Water has been found in the soil on Mars giving hope for human settlement on the red planet in the future.
The soil was gathered by Nasa's Curiosity rover and analysed on board. Lead author Laurie Leshin, dean of science at the Rensselaer Polytechnic Institute, said: "One of the most exciting results from this very first solid sample ingested by Curiosity is the high percentage of water in the soil.
"About 2% of the soil on the surface of Mars is made up of water, which is a great resource, and interesting scientifically."
When heated, the soil also released carbon dioxide, oxygen and sulphur compounds, the Sample Analysis at Mars (SAM) found. SAM is a laser spectrometer able to identify chemical compounds and their ratios on board Curiosity.
Paul Mahaffy, principal investigator for SAM at Nasa's Goddard Space Flight Centre, said: "By combining analyses of water and other volatiles from SAM with mineralogical, chemical, and geological data from Curiosity's other instruments, we have the most comprehensive information ever obtained on Martian surface fines. These data greatly advance our understanding of surface processes and the action of water on Mars."
Leshin added: "This is the first solid sample that we've analysed with the instruments on Curiosity. It's the very first scoop of stuff that's been fed into the analytical suite. Although this is only the beginning of the story, what we've learned is substantial."
She said the discovery of water in the soil holds implications for Mars explorers: "We now know there should be abundant, easily accessible water on Mars. When we send people, they could scoop up the soil anywhere on the surface, heat it just a bit, and obtain water."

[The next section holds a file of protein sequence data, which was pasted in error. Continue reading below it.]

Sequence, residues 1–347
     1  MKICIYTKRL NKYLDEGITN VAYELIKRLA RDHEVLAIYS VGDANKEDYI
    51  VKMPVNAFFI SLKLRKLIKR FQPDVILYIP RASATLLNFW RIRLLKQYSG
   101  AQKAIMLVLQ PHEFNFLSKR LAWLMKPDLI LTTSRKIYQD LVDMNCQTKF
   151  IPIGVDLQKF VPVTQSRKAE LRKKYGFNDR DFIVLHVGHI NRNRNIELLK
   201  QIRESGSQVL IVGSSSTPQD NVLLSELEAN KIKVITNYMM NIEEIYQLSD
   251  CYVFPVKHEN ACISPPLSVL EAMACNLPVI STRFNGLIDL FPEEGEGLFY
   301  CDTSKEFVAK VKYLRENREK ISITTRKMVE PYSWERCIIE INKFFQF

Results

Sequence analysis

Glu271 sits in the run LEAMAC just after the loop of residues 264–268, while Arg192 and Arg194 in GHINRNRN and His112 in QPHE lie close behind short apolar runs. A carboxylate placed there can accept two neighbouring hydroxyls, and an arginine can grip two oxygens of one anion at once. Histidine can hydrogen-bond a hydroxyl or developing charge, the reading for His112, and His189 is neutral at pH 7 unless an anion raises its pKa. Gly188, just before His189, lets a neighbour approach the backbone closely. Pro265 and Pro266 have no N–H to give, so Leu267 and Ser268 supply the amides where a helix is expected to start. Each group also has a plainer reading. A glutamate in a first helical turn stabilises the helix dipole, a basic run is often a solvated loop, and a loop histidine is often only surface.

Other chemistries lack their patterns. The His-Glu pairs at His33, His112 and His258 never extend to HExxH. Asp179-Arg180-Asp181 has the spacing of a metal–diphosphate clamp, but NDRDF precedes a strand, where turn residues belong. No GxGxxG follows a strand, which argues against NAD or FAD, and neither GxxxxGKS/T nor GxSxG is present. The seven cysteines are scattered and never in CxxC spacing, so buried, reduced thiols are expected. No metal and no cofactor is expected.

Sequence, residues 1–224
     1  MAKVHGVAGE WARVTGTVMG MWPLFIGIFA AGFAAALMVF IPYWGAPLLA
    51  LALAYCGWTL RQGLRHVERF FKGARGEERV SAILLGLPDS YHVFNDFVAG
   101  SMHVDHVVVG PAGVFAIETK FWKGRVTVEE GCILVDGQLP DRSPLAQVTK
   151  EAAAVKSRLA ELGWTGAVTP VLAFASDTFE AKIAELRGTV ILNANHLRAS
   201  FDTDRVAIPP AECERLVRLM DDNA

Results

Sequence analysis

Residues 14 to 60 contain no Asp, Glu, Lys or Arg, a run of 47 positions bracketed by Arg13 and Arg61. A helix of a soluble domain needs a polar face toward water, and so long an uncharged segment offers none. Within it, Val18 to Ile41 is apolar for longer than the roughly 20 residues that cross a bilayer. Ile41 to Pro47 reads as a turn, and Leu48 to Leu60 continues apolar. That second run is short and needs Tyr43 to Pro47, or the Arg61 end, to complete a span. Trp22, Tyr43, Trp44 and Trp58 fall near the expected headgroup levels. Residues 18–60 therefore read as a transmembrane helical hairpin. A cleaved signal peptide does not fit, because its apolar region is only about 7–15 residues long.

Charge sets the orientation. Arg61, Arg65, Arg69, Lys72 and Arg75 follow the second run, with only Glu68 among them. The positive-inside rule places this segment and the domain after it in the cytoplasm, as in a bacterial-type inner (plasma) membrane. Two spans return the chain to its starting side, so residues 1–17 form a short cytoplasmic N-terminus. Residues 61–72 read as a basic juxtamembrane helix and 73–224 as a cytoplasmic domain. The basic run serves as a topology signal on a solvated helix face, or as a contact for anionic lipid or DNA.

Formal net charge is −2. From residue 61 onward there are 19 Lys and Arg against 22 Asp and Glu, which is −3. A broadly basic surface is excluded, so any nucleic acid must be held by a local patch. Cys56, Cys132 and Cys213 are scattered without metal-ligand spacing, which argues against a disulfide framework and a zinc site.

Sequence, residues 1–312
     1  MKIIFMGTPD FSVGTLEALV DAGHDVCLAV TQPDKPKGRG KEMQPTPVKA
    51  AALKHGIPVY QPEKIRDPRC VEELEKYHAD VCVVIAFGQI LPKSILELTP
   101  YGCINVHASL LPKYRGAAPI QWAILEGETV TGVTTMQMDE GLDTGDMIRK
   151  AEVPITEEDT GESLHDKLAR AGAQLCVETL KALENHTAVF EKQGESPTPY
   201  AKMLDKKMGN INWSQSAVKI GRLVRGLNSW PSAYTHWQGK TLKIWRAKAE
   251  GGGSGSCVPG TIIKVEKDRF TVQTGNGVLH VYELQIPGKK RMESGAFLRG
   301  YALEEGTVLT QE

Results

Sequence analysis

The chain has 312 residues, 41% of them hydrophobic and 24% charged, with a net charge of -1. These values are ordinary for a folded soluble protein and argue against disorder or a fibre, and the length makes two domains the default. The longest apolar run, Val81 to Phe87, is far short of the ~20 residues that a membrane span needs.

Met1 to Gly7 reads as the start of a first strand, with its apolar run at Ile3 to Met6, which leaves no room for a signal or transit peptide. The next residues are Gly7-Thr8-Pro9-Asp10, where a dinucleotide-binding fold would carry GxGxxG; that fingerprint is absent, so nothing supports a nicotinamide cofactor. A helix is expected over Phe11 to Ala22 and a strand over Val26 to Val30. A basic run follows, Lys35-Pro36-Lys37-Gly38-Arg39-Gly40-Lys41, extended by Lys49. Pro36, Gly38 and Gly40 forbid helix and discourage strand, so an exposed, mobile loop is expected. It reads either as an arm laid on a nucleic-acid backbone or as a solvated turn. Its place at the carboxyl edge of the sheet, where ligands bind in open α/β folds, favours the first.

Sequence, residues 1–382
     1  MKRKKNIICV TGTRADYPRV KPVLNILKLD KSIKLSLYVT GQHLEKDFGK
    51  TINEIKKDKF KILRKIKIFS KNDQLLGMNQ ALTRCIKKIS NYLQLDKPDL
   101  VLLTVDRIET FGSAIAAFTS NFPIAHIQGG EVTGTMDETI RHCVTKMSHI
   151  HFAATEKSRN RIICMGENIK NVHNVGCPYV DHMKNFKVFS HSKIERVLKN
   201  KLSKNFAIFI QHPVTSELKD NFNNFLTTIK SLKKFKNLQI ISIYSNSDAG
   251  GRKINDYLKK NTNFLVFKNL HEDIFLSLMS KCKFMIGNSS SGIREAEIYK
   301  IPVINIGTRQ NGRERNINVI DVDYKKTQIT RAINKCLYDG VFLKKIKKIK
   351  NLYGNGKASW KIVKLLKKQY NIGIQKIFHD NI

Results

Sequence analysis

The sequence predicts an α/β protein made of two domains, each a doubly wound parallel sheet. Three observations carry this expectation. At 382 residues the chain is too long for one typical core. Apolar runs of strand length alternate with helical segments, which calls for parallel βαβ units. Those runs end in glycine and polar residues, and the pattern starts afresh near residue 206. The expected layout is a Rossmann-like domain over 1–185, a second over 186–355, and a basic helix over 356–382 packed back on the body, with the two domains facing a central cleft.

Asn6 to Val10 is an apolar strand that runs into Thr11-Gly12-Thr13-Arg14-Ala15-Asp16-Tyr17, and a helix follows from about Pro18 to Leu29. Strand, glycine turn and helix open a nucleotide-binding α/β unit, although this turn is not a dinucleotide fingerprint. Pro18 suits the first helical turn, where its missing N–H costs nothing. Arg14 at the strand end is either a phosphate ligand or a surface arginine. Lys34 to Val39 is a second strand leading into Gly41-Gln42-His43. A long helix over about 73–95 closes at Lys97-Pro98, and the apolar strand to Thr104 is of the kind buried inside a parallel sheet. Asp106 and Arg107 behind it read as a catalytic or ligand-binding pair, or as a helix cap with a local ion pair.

As well as water, SAM also found trace levels of organic compounds, but these were not of Martian origin and probably formed during the heating process. The team believes they will have to continue to delve beneath the surface of Mars to find organic material.
"We find that organics are not likely preserved in surface soils, which are exposed to harsh radiation and oxidants," said Leshin. "We didn't necessarily expect to find organic molecules in the surface fines, and this supports Curiosity's strategy of drilling into rocks to continue the search for organic compounds. Finding samples with a better chance of organic preservation is key."
She added that the results offer an insight into future research.
"Mars has kind of a global layer, a layer of surface soil that has been mixed and distributed by frequent dust storms. So a scoop of this stuff is basically a microscopic Mars rock collection.
"If you mix many grains of it together, you probably have an accurate picture of typical Martian crust. By learning about it in any one place, you're learning about the entire planet."